MAY BLOSSOM! (from TALES FROM A COUNTRY BOY – A Treasury of Norfolk)

By Published On: April 19, 2024Comments Off on MAY BLOSSOM! (from TALES FROM A COUNTRY BOY – A Treasury of Norfolk)

In the early 1970s, one feature of Mousehold Common, on the north-eastern outskirts of Norwich, was a bespectacled, curly-haired young man, careering along footpaths and bridleways on a yellow racing bicycle, morning and evening. And in late spring, there were times when his lungs suddenly filled with the most heavenly fragrance. I felt harmlessly intoxicated by it, and was left wondering from whence it had emanated. 

Many years later, in 1983, I bought a small cottage on the outskirts of the village of Frettenham, a few miles north of the city. It was surrounded by a high hedge, and the following May, I found myself reliving those earlier days on the yellow racing bicycle. I was learning a few things about country life; it was April when much of the hedging burst into great clusters of white flowers, blackthorn, on leafless stems. There was little fragrance, and in the autumn, I failed to associate the blue-black fruit that was crushed underfoot, with the earlier blossom. Nor did I realise that sloes, as they are called, the fruit of the blackthorn, are famed for their use in the production of sloe gin. But I have learnt a thing or two over the years.

“Wow! Just one stem is more than enough”, said Wendy, stripping the gleaming blue-black damson-like fruit from the proffered cutting, removed from the hedge with our trusty secateurs. For the first year or two in my cottage, the small plummy fruit that lay on the rear lawn, was trodden on, squashed, and passed largely unnoticed. Neighbours Bob and Lynn invited me round for dinner followed by sloe gin, my first Christmas here. Great neighbours, and a great liqueur. That was forty years ago. And now, we too have gone into production of the heavenly nectar. The hedge is weighed down with thickly stacked fruit, the like of which I have not seen before. We could start a factory. “Looking forward to Christmas”, says Wendy with a wide smile.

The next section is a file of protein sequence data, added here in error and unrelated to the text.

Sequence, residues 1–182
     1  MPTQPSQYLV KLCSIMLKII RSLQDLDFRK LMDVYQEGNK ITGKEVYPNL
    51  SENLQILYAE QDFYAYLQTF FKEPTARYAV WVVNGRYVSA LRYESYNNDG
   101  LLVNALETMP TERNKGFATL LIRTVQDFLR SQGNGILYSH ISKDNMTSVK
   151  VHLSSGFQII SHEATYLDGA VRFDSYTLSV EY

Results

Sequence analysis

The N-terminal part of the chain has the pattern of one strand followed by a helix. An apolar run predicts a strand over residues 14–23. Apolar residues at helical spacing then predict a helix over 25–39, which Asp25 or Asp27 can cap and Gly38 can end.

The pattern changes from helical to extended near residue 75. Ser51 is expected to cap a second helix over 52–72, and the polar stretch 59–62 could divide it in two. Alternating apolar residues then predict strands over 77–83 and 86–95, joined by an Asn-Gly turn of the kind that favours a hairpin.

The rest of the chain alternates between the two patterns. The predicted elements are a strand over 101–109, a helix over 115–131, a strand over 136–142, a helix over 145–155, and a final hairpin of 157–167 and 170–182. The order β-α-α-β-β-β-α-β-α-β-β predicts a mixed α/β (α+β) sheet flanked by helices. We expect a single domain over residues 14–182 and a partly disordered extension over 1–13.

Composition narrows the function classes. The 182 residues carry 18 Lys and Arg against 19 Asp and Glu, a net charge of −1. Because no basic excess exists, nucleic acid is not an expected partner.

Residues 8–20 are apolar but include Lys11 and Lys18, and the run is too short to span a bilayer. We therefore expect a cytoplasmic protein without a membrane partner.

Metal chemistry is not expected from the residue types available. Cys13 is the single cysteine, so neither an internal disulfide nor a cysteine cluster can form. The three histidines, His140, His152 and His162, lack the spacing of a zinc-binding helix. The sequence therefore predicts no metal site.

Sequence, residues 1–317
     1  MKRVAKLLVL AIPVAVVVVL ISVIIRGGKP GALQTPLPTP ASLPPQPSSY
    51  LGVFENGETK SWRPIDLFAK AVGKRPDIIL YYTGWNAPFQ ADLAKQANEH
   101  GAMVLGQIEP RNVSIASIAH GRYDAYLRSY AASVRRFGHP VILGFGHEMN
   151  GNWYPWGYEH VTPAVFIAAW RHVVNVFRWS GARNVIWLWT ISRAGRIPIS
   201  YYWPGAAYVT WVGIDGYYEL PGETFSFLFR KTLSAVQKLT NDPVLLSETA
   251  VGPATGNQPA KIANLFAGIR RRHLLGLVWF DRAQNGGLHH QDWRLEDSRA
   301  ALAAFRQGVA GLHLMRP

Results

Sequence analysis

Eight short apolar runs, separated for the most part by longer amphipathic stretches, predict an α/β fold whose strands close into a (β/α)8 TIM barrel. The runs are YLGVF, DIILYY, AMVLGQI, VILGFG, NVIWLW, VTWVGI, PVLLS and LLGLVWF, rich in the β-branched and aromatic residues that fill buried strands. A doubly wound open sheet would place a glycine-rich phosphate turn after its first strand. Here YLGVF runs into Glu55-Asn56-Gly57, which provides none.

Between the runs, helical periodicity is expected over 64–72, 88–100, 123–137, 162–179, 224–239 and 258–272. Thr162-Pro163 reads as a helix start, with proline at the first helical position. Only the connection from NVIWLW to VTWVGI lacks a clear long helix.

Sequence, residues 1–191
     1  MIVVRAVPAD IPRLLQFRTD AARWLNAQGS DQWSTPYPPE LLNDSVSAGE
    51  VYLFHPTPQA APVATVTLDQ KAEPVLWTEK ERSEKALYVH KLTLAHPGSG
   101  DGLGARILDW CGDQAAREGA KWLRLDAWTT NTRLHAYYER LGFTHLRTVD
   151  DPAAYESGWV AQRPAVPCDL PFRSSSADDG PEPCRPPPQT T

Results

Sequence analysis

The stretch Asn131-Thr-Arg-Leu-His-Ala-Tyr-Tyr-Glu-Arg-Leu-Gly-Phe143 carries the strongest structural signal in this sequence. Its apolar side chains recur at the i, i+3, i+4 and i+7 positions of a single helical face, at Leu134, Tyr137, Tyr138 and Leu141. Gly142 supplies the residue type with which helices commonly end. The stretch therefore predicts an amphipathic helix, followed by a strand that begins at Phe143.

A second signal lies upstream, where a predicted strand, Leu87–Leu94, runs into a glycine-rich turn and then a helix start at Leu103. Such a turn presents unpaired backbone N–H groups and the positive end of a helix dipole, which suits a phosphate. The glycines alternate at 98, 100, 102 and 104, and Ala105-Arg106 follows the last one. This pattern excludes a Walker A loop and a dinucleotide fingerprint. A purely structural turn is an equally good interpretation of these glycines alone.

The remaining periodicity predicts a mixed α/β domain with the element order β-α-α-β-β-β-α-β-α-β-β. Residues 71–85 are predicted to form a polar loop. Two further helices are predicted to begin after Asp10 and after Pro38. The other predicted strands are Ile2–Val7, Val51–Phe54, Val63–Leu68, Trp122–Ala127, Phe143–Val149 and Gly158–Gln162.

All you need, in addition to 450gm of sloes, is 225gm of castor sugar, and a large sterilised jar. And gin! Wash the sloes and freeze them. Place the frozen sloes in the jar, and pour the gin, and then the sugar, onto them. They will thaw and the skins will split. Seal the jar, and shake vigorously. In fact, shake it every other day for a week, and once a week for 2 months. Then enjoy the dark red liqueur, perhaps poured over ice (‘on the rocks’), or drizzled over ice-cream. I do enjoy country life – and Christmas!

I digress. If the blossom of the blackthorn was spectacular, a month later it was surpassed by great snowdrift-like swathes of cream-coloured flowers, covering other sections of the hedges.

Whereas the blackthorn was on otherwise naked branches, this display of blossom was on leafy stems. And the fragrance was intoxicating, sweet, fresh and spring-like. Some describe it as vanilla, almond, or simply spicy. I would mooch around the garden, and find the temptation to thrust my face into clusters of the blossom, and inhale deeply, simply irresistible. I suspect that Mrs. Northby, my mother’s char lady when I was a toddler, however, would have taken several steps back. Country folklore may consider that hawthorn hedges are the homes of fairies, but her overwhelming sentiment was that May blossom was bad luck. Don’t touch it. Don’t bring it into your home. Stay away.

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